This is a continuation from Day 1 post. (https://vickychong.wordpress.com/2014/02/14/vietnam-cruise-at-halong-bay-day-1/)
My husband, Mike, woke up early hoping to catch sunrise at Halong Bay. Unfortunately, the sky was cloudy and dawn descended without any sighting of the sun. So at 6.30am, he decided to join the rest of the early risers for 30 minutes of Tai chi at the upper deck. By then, I had awoken and decided to watch the group as they moved in unison with the staff conducting the class. Across the sea, other cruises were also conducting their own Tai chi classes.
After the class dismissed, sails were put up, more for the romance and novelty than real use. Similar sails were simultaneously seen on other ships in copy cat actions. I am guessing that regardless of the ship you are booked in, your itinerary and timetable would be exactly the same as ours.
After breakfast, we were taken by bum boat to another smaller vessel for an excursion around Halong Bay, only for those who had booked the three-day tour. First stop, a pearl farm. Strings 0f oysters dangled in the seawater below as we walked along the boardwalk above. There was an exhibition room showcasing shells and a workshop where some workers were seeding the oysters. Outside, a woman showed us how pearl is extracted. Then it’s to the showroom where we were urged to purchase.
After the farm tour, it’s fun time. We were taken to a secluded area for kayaking. The group who was leaving today would also be kayaking but at a crowded area. We were one of two groups in this area today. The kayaks were twin-seater and my son paired with the guide, who took us through a gap of narrow tunnel into a pool surrounded by granite rocks and forest. We spotted monkeys and a Loris and many birds. It was indeed paradise – granite peaks surrounding aquamarine pool.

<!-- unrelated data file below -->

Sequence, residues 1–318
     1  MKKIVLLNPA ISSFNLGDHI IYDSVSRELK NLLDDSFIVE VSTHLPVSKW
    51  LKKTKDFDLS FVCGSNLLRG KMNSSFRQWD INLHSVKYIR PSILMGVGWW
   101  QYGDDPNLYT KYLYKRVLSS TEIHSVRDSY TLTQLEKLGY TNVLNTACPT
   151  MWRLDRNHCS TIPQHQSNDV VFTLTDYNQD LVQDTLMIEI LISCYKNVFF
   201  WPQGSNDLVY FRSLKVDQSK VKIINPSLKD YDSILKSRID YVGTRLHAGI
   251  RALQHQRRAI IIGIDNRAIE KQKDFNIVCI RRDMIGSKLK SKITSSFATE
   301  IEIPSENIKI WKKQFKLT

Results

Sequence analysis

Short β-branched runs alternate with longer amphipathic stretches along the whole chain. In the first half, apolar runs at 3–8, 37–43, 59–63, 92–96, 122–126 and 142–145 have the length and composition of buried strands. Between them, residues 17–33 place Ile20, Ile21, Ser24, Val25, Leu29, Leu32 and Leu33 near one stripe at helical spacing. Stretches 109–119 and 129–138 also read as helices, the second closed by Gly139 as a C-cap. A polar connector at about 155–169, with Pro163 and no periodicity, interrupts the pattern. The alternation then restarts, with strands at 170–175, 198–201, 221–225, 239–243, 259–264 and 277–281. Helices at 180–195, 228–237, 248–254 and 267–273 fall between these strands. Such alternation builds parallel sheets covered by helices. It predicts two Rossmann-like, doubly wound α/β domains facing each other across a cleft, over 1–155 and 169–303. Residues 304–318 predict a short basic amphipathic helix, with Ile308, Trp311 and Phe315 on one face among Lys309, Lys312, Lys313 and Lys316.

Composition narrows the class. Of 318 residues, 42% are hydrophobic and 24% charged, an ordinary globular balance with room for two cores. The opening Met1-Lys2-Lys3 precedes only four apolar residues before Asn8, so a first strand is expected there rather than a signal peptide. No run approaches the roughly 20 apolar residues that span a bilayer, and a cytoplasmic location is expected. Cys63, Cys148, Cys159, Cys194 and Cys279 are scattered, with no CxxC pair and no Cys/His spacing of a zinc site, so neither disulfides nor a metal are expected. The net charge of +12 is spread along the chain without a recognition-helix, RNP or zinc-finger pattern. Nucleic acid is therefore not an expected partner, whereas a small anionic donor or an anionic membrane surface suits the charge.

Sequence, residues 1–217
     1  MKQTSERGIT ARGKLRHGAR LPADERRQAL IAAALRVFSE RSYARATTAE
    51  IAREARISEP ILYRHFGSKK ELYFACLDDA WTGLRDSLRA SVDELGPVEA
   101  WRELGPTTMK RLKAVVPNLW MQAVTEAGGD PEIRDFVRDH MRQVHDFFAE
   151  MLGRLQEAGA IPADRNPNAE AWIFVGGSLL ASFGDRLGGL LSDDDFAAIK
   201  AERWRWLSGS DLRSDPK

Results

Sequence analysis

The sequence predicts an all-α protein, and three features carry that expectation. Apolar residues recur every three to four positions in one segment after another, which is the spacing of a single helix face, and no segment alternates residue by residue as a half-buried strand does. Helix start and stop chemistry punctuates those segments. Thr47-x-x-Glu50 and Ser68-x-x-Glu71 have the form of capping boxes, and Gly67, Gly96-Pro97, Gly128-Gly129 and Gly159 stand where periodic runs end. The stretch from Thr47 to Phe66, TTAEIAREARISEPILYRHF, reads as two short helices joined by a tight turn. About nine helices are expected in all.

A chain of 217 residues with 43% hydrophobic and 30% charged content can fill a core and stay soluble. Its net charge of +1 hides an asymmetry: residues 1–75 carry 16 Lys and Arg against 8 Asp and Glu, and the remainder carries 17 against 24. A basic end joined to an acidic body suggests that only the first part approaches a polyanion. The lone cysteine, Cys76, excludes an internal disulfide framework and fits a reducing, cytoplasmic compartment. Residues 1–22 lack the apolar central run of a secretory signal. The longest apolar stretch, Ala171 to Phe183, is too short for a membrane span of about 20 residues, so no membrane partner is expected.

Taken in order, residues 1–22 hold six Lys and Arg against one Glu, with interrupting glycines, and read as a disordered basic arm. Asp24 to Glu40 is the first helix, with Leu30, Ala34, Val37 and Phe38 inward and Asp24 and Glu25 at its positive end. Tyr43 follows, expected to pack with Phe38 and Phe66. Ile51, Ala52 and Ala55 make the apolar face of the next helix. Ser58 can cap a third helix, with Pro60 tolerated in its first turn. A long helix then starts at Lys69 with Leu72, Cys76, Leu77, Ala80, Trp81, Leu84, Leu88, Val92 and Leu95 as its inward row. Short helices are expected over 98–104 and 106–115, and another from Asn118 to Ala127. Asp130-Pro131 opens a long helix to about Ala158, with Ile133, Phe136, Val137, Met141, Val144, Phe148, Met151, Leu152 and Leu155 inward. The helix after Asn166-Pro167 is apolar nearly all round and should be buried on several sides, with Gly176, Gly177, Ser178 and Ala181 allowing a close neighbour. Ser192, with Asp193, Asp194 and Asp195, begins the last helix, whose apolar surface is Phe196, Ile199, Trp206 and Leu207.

After the ‘exercise’, we went back on board for lunch. Then we it’s to another secluded beach for swimming and more kayaking. You notice now I keep using the word secluded because it is a rare and precious adjective to describe Halong Bay. Being a world UNESCO Heritage Site has this problem of crowd and it’s a bliss to escape away from them.
Mike and Aaron decided to kayak to the beach while I took a nap on a bench on board. The others went swimming and diving from the boat we were on. It was a leisurely afternoon spent and I highly recommend spending at least three-day at Halong Bay to enjoy this.
We left the place at dusk to return to the mother ship for dinner and some social time. A new group had arrived, this time comprising a group of young Singaporeans on a two-day tour, the most common tour offered.
Tomorrow, there would be spring roll making class and more kayaking, and then it’s back to Hanoi after lunch.